New England is known for being an excellent source of lobster and other seafood. But while fishing is done locally, much of the processing is outsourced to other countries. A lack of local manpower means scallops caught off the coast of Massachusetts might travel to China or India for processing before they appear on your plate at a restaurant in Boston.
Northeastern professor Taskin Padir is hoping to change that. He was selected to lead a new project to bring collaborative robots developed at the university into processing plants at America's busiest fishing port, located in New Bedford, Massachusetts. The goal, he said, is to increase production and efficiency, keep workers safe, and stimulate local job growth.
"We want to be able to process more fish locally so that we can generate more jobs and import less," said Padir, an associate professor of electrical and computer engineering.
Padir envisions that the robots will first be tasked with testing the quality of fish. Workers now pick up fish and decide whether it meets food quality standards, feeling for just the right amount of squishiness. Padir's lab at Northeastern has been developing algorithms for a robotic hand called Sawyer, which could be programmed to identify the ideal fish texture and softness with the goal of helping workers process more fish faster.
Padir visited several seafood processing plants in New Bedford to understand the challenges and opportunities within the industry and found that company owners were enthusiastic about bringing in robots.
"We welcome the idea of bringing automation to our processing plant," said John Roberts, director of operations at channel fish processing. "It's often difficult to find employees to work under the conditions we need to maintain in order to keep the fish fresh."
Seafood processing plants are inherently harsh environments for humans, Padir said. The factories are kept cold to keep fish fresh. There's often slushy water and ice coating the floors, making them slippery. And some of the tasks, such as cutting and portioning fish, are dangerous. These factors limit the number of people interested in working at processing plants.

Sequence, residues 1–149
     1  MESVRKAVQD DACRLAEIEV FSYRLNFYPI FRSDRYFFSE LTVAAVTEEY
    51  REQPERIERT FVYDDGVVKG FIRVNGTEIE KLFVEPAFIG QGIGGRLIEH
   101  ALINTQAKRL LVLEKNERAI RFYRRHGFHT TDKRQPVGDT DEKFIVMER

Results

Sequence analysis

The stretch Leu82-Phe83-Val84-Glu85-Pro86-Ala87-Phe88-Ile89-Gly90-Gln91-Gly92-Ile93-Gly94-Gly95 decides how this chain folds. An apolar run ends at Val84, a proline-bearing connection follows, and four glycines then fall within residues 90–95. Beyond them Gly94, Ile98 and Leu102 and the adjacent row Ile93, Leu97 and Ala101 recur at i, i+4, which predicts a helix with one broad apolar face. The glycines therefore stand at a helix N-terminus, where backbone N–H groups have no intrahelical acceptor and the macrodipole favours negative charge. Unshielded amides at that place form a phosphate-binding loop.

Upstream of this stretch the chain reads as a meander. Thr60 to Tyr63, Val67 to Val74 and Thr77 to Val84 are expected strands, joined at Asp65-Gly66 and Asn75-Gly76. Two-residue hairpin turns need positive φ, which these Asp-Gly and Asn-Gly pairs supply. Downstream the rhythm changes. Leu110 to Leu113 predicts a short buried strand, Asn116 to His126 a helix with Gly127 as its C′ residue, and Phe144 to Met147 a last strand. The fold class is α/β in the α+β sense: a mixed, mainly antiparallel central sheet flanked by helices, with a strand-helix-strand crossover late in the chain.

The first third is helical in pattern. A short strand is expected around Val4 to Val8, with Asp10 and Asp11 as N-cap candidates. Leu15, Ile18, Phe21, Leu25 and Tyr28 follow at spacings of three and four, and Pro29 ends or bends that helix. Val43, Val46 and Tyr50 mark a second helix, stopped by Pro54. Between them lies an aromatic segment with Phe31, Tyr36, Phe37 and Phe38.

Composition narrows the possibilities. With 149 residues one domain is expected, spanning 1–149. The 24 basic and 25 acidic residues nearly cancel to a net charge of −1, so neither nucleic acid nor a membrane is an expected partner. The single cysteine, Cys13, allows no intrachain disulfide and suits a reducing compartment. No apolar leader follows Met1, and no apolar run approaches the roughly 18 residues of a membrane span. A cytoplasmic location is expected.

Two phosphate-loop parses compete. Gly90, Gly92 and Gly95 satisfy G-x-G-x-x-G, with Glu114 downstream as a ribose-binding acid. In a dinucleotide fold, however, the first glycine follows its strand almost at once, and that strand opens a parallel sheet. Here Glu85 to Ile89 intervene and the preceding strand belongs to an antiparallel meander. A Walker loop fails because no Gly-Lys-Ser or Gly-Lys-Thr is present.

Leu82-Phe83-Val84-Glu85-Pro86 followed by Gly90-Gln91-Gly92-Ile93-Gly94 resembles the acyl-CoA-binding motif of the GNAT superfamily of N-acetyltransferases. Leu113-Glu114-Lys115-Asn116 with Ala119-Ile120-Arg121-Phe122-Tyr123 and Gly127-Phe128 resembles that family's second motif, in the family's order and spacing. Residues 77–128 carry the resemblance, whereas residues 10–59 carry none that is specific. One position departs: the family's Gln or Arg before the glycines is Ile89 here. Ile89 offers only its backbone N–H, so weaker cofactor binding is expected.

Operations can also be unpredictable. For example, Padir said seafood companies often can't recruit enough workers to handle the influx of orders they receive over the holidays.
Adding a system of robots to the existing processing line in seafood plants could double or even triple the production, Padir said. This would allow both small and large plants to reduce imports and complete more processing work locally.
The project, called Collaborative Robotics to Foster Innovation in Seafood Handling, or FISH, was selected to receive funding from Advanced Robotics for Manufacturing, a national consortium dedicated to improving the workforce with robotics. The project, said a representative from Advanced Robotics for Manufacturing, will begin when all agreements are in place.
Padir said that the robots and humans will work collaboratively, with robots performing much of the inspection and handling and humans completing the more complicated tasks, such as trimming left-over skin patches or bones. Eventually, he said, robots could be developed to handle dangerous duties such as cutting fish.
"It would be very hard for a robot to do the whole process from end-to-end," Padir said. "But through meaningful collaboration, we can introduce robots and potentially double-up the volume of the seafood that will be processed. That means more revenue for the company and more jobs for U.S. workers."
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